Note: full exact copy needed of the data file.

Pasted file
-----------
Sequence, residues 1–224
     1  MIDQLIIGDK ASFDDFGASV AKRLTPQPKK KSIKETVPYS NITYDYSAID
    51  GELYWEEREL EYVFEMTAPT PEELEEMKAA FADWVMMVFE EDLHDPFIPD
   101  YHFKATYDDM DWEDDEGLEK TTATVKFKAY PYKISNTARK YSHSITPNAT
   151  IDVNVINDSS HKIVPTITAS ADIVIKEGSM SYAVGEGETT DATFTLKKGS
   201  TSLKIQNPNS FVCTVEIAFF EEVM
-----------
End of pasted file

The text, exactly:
Sequence, residues 1–224
     1  MIDQLIIGDK ASFDDFGASV AKRLTPQPKK KSIKETVPYS NITYDYSAID
    51  GELYWEEREL EYVFEMTAPT PEELEEMKAA FADWVMMVFE EDLHDPFIPD
   101  YHFKATYDDM DWEDDEGLEK TTATVKFKAY PYKISNTARK YSHSITPNAT
   151  IDVNVINDSS HKIVPTITAS ADIVIKEGSM SYAVGEGETT DATFTLKKGS
   201  TSLKIQNPNS FVCTVEIAFF EEVM